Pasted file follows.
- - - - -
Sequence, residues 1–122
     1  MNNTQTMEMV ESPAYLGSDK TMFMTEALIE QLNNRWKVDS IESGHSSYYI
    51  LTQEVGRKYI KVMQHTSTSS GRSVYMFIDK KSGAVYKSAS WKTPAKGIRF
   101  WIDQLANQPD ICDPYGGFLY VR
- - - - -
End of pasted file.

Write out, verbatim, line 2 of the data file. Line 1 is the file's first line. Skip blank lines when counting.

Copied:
     1  MNNTQTMEMV ESPAYLGSDK TMFMTEALIE QLNNRWKVDS IESGHSSYYI